Resources for Spouses of Those with Anxiety Disorders

Hi there! I am new here but probably should have joined much sooner! My husband has GAD, and I guess what I'm wondering is whether there's anything else I can do. I feel I have to be a take-charge, controlling b**** (no offense) to get our two person family to do anything, even the mundane, during these relapses. I hate it, because it's not my personality (I don't like forcing other people do stuff, though I am willing to kick my own rear plenty), and I also am not very good at that role.

Background: About a year into my marriage, my husband had panic symptoms (first time in the three years I had known him, at that point) and was diagnosed with GAD. It's now five years and two specialists later, and here we are still dealing with relapses.

I haven't had luck finding support groups I'd feel comfortable attending, I leave it at my husband's and his specialists' discretion how much to involve me with his treatment plan, and I know not to support his reassurance-seeking behaviors. I also see much generalized advice about how spouses or family members need to remember general self-care, which I already do my best with. There also is a lot of great info about how important it is that the anxiety sufferer gets support. I also recently read the book, Loving Someone with Anxiety, which would have been awesome to have five years ago but now is old news, thanks to experience. I get little support from my family, which isn't especially accepting of his condition (the "man-up" generation...), so I just don't bring it up with them. Friends are sympathetic but don't understand. I've tried going to a mental health professional but had to discontinue due to a move. During that time, though, I felt awkward and dumb--I'm not very good at talking about my life. Writing comes much more naturally.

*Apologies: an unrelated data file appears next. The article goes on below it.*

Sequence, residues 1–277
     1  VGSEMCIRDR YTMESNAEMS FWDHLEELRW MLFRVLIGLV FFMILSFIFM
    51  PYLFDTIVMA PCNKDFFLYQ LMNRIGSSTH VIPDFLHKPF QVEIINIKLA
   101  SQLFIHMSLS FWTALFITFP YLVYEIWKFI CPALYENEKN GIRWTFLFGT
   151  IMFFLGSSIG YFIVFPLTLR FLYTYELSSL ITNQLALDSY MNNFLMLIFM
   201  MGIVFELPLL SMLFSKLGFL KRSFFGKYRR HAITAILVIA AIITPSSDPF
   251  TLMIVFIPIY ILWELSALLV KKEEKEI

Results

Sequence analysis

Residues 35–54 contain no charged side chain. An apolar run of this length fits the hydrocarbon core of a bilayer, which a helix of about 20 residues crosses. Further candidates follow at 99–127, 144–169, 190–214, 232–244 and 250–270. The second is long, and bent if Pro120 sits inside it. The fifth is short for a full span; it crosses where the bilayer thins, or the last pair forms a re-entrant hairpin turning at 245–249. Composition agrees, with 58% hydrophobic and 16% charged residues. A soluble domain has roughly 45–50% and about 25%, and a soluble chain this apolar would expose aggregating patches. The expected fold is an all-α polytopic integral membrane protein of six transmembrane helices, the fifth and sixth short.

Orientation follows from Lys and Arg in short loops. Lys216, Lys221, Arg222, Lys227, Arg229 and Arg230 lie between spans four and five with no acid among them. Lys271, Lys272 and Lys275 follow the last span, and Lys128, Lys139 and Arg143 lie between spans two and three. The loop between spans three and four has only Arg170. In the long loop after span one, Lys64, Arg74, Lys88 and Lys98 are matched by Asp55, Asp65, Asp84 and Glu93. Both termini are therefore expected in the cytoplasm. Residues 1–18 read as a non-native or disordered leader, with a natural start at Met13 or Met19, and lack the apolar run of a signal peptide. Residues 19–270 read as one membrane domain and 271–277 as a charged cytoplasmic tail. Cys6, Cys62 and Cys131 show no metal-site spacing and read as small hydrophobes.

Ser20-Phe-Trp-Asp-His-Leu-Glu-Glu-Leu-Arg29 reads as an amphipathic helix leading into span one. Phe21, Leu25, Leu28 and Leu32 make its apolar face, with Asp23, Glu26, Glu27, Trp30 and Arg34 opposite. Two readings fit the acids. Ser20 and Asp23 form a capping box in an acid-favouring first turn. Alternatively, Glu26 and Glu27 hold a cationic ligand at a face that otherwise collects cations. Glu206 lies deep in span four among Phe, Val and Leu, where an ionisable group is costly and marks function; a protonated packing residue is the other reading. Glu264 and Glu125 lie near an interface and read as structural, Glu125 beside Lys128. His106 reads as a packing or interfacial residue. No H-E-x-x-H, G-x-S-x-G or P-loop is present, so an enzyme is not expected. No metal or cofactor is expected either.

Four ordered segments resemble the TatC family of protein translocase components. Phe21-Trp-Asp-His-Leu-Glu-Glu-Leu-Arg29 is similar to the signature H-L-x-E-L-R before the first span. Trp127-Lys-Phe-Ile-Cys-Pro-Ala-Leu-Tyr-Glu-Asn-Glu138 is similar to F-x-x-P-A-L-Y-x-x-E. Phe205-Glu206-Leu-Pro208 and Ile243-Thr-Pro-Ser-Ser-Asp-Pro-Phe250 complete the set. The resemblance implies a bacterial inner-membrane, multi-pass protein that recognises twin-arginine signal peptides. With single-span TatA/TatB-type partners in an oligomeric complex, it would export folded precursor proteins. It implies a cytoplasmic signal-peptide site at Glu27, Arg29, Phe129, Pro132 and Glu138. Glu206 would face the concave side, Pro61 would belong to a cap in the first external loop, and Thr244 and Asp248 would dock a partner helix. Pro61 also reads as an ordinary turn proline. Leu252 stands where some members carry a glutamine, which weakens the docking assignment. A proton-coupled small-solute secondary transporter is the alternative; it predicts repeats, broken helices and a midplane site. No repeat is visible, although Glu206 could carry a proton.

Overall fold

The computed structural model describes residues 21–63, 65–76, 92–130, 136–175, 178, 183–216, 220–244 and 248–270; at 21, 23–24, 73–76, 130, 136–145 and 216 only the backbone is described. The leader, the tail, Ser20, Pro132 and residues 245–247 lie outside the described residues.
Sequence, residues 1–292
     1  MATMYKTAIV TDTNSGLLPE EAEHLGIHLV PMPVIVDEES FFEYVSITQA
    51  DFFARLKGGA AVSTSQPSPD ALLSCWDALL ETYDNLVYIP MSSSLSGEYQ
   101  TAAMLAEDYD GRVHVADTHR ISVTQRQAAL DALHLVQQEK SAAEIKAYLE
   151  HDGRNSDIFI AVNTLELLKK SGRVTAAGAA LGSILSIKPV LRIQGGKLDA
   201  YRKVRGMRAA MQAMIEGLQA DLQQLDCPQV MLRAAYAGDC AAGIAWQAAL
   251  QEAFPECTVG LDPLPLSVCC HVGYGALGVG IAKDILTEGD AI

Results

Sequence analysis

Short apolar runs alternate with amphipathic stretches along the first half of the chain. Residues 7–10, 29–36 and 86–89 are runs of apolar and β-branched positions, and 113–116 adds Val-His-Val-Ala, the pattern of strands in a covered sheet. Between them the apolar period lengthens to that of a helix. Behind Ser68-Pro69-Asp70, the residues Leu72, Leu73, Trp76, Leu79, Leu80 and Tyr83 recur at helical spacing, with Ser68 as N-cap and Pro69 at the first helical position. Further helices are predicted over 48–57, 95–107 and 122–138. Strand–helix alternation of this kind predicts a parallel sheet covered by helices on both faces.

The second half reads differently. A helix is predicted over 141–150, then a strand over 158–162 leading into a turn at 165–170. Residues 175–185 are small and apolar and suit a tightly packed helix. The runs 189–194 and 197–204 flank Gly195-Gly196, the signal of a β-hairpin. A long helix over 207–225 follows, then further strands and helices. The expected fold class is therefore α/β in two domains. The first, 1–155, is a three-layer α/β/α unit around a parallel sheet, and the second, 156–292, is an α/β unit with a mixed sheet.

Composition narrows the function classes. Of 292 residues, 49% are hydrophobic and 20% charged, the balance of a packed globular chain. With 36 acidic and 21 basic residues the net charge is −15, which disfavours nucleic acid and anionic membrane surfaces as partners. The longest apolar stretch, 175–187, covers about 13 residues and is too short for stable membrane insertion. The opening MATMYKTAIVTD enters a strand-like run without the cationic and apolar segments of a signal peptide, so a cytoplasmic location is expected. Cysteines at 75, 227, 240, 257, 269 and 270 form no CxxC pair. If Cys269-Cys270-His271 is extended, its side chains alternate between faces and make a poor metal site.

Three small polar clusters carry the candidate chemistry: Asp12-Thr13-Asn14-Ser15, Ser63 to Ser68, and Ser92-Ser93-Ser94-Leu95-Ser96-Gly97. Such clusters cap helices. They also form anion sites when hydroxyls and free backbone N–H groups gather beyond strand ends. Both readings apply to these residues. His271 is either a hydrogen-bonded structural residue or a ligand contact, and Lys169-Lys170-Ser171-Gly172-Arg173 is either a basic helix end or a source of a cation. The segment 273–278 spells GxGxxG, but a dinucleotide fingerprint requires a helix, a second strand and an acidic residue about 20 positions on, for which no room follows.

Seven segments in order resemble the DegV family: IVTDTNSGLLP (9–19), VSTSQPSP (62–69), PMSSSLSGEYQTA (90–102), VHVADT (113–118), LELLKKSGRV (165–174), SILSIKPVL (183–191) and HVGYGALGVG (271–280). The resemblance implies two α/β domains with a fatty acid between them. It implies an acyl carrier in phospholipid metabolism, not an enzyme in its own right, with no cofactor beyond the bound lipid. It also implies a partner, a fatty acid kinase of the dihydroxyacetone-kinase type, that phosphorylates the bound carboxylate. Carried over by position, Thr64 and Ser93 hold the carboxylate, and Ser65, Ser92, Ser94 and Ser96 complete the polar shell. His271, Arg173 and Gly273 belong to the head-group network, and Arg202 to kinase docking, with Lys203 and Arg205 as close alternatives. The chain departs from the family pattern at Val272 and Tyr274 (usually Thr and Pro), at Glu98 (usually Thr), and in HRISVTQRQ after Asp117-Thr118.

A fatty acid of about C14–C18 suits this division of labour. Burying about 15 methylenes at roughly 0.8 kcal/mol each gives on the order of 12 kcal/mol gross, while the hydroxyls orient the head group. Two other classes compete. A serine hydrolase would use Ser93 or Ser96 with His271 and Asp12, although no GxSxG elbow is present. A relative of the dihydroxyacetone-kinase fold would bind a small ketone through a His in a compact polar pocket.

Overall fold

Thanks in advance for any advice! (And sorry for the long rant!)

2 Replies

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  • You have nothing to be sorry about. Your husband is fortunate to have you be so interested in his well-being. I think by now you probably know all you need to to be supportive. You sound like you do. If you keep on being supportive in the ways you've mentioned, and keep communication open between you and your husband, you and he will be fine.

  • hi, thinking about how to think about anxiety and share it with you in a coherent way lol. it is usually so irrational to fear the fear itself, because it can't harm us! there are some things that might help if you are open to suggestions? there doesn't have to be an external trigger for a 'panic attack' for example. it is also an unfortunate term, as often the individual isn't in a panic about anything in particular at the time! the most frightening aspect are the weird and wonderful things your body seems to do leading up to and throughout these adrenalin rushes, that scare a person half to death! it is a natural response to want to stop the symptoms, to get someone quickly, to behave in this way is to actually escalate the damn thing if you think about it for a moment. it can be a health concern for example, an underlying worry about something. whatever it is GET IT SAID ASAP. lol, that was me shouting it loudly. the worst thing to do ever is to squash things, to avoid things and avoidance is sooooo the enemy to overcoming the dreaded wobbles and getting back some control. just know that however weird and bizarre you feel, it is not harmful in any way! the only damage is to your self esteem and feeling like a bit of a disaster! understand what your body is doing and what it feels like when adrenalin is released, look at it properly and get your head around the real truth that you survive each and every one of them, you are stronger than they are and you can move away from this nuisance/ pain in the neck pattern of life. I am wishing you well, get on top of this and get your life back!!! x

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